By John Patterson
With the sound of airplanes rumbling overhead on a cloudless Friday, Loudoun’s unmanned aircraft enthusiasts met in Sterling to discuss unmanned flight systems. The event, part of Loudoun’s Small Business Week program, came as drones are helping to bring state and county economies to greater heights.
In June 2015, Gov. Terry McAuliffe (D) signed Executive Order 43, creating an Unmanned Systems Commission to bring private and public sector experts together for long term planning on how to make Virginia a national leader in unmanned systems. Last year, Virginia ranked as the eighth largest concentration of unmanned system firms in the United States, most of which were located in Northern Virginia.
“The state of Virginia has invested heavily in making unmanned systems a high priority in the business world,” said Rich Bensinger, director of Strategic Growth at Robinson Aviation.
Bensinger served as moderator for a panel of experts from different parts of the unmanned systems industry. It included Graham Keithley, an associate at the legal firm Baker McKenzie who specializes in aviation regulation; Fred Briggs, CEO of Teq Strategy LLC and board of directors member for the Drone User Group Network; JC Silvey, a United Airlines Boeing 767 flight officer and professional drone videographer; and Dr. Christopher Vo, an artificial intelligence specialist who works with drones.
Expertise wasn’t limited to the panelists’ table. The audience of more than 50 included professionals and hobbyists alike from the drone community. Many of their questions focused on the bureaucracy of piloting an unmanned vehicle, as the DC area is one of the most restrictive airspaces in the country, and Dulles Airport is a Class B, or entirely forbidden, airspace. Furthermore, Part 107 of the Federal Aviation Regulations includes numerous restrictions on drone use, such as bans on drone use at night, or one pilot controlling multiple drones at the same time.
“The FAA has open doors for commercial unmanned aircraft, with a bunch of waivers for the rules they’ve imposed now. Push those boundaries,” Keithley said. “I think this industry is unstoppable, we’re already up in the air.”
Loudoun County is on the frontier of drone use in the commonwealth.
“Loudoun invested heavily, in my opinion, when they put an aviation component to their strategic plan. And so when you look at the targeted sectors that Loudoun is focusing on, aviation’s one of them,” Bensinger said. “Now unmanned systems are front and center in that strategic plan for Loudoun business.”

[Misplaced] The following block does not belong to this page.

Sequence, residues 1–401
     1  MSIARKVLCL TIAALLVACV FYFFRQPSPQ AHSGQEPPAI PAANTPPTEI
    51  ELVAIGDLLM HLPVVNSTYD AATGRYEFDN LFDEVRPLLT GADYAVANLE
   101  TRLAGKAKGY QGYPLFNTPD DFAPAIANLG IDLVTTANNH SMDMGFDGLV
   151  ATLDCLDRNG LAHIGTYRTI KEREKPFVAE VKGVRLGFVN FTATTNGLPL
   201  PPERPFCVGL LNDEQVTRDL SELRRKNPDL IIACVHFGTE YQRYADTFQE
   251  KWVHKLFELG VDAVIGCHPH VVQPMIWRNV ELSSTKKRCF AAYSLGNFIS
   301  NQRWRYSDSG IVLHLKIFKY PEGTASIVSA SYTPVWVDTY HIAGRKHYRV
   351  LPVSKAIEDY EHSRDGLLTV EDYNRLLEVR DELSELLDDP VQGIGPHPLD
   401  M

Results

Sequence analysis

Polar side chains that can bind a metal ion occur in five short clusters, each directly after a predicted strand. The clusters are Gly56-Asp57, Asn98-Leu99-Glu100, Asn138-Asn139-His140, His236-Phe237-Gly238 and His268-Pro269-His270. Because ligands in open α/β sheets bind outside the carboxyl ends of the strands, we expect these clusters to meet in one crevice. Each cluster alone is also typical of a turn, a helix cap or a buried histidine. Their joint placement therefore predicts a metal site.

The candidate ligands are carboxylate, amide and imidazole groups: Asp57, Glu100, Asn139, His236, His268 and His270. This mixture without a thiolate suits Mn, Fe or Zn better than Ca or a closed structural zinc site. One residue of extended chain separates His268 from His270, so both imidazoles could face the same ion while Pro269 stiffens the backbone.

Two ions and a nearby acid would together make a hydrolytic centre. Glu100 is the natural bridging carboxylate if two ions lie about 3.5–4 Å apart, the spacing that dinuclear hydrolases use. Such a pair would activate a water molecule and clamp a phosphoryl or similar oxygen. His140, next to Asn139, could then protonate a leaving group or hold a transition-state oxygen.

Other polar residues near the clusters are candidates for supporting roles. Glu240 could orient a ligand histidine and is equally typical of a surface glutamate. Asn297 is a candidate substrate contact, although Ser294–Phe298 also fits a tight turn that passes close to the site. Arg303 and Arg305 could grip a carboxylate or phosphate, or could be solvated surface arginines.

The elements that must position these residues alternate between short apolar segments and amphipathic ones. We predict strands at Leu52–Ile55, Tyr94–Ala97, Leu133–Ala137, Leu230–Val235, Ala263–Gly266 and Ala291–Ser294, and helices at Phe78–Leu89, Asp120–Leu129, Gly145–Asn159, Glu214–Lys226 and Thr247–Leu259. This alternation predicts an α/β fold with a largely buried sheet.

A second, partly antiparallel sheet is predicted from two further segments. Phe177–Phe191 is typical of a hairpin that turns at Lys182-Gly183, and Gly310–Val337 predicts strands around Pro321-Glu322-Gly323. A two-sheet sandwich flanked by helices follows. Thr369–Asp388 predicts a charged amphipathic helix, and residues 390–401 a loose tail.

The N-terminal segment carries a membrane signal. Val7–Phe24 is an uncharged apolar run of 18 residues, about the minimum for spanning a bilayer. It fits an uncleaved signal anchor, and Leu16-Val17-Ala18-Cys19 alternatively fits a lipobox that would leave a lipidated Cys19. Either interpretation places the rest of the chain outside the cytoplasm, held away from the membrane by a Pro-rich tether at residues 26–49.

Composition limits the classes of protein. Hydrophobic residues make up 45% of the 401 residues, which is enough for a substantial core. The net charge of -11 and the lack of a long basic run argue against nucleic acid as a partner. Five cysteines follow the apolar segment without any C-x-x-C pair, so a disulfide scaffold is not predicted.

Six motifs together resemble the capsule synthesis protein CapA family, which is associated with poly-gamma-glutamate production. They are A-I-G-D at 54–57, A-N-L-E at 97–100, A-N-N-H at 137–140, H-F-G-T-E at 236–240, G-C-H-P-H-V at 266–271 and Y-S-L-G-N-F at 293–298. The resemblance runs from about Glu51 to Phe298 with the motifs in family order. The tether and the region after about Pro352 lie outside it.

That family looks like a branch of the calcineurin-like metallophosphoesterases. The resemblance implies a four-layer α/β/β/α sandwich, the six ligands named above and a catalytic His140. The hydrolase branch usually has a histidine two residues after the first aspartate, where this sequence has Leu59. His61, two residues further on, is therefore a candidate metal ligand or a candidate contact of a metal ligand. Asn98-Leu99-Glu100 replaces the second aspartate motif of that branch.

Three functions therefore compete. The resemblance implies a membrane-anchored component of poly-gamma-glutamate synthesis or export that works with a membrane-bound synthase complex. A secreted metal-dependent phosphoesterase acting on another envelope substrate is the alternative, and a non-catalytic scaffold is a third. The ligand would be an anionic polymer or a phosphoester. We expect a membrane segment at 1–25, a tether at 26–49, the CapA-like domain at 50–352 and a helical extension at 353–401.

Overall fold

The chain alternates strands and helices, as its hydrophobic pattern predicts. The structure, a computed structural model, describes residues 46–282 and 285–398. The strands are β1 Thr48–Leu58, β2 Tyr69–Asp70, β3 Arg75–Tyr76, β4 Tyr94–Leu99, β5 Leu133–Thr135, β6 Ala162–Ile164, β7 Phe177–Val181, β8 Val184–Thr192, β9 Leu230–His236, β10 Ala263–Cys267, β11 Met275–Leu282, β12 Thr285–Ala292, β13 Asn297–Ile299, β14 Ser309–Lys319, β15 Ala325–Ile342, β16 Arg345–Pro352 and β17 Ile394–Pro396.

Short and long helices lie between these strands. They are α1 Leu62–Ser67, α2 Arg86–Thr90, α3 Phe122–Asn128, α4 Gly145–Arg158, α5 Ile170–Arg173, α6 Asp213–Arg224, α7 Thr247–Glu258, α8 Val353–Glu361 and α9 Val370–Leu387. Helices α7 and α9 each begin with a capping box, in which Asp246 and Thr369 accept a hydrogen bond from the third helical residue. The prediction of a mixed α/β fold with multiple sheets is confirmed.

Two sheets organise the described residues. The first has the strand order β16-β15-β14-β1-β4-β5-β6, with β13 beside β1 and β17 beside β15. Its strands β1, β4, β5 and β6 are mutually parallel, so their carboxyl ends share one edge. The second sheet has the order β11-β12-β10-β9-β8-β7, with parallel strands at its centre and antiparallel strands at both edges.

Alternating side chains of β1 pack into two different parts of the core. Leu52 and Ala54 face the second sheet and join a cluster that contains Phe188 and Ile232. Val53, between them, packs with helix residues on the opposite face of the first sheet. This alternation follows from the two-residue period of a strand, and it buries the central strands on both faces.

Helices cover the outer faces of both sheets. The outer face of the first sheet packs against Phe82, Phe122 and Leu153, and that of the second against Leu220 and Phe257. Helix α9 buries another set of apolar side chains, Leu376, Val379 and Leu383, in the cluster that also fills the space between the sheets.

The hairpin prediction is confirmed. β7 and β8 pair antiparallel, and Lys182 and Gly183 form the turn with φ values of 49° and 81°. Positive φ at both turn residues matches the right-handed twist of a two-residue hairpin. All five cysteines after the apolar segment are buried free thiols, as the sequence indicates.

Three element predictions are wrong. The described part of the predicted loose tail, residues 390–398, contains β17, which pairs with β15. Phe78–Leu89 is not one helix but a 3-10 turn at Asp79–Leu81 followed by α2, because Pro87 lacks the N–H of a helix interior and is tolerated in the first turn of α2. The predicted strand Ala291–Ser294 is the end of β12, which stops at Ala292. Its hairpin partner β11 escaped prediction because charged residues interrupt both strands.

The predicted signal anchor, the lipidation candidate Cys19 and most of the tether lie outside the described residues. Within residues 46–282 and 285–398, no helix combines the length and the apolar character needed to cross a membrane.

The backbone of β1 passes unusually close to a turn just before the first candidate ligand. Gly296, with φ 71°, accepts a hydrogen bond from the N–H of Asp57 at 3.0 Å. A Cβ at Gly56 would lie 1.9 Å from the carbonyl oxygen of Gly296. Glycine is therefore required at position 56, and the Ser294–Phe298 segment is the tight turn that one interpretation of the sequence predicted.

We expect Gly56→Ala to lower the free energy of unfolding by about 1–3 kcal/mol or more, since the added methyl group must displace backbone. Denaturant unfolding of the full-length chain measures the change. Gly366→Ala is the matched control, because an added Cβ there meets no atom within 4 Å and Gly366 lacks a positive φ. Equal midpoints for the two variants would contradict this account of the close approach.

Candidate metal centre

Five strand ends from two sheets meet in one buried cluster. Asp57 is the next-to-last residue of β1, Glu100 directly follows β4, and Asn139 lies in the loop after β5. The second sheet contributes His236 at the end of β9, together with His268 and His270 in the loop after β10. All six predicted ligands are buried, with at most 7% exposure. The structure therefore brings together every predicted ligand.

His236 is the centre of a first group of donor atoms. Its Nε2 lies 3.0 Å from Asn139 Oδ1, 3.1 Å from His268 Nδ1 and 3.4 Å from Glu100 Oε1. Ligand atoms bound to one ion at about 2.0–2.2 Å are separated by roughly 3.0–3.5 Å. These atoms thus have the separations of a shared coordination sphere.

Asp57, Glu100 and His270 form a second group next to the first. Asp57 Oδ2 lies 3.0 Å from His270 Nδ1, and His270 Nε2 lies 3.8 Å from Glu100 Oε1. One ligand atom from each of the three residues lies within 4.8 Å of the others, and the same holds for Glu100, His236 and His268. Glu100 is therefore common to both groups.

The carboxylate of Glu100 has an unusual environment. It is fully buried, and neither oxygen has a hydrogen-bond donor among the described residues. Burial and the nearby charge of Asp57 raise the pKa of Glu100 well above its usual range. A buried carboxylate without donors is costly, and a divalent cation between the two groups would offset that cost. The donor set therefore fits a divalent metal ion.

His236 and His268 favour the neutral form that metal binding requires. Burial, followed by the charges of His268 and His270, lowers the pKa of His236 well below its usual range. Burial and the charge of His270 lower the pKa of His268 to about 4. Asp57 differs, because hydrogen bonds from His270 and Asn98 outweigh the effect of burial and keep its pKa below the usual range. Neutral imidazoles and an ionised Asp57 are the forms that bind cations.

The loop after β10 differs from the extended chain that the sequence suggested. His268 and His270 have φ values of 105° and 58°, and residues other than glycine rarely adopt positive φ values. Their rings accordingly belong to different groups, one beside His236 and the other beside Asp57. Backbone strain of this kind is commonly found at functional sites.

Speakers said they expected the role drones to only grow in importance to businesses.
“My main comment is to look towards the future,” Vo said. The scientist designed “a drone aircraft carrier” that can contain more than 20 drones, has a robotic arm that places them in charging cubbies, and allows for automated drone takeoff and landing. “You’re going to see a lot of people are going to lose interest in drones, but … the stable ideas are going to be things like inspections, surveying, those things are going to stick around for a long time.”
All the participants and panelists came for similar reasons of pushing the industry forward.
“We wanted to see what’s going on in the industry,” attendee Jack Strange said. Strange is Federal Aviation Administration Safety inspector. “Let people know what’s available to them.”
“I’m genuinely humbled by the knowledge in this room, the passion that exists here. There have been a lot of questions about the 107 certification. … I recently went through it, I just wanted to offer myself as a resource,” attendee Steve Jarrell, owner of Drone Video Partners, said.
Rick Morris, business development officer at the Department of Economic Development, concluded the panel’s question and answer session.
“We had a lot of informed people in the audience that really added to the discussion,” he said. “This is the kind of event, going forward, we’d like to have more of these to bring the community together to have a healthy discussion.”
The “Unmanned and Ready for Business” panel was part of Loudoun Small Business Week, which concluded Saturday.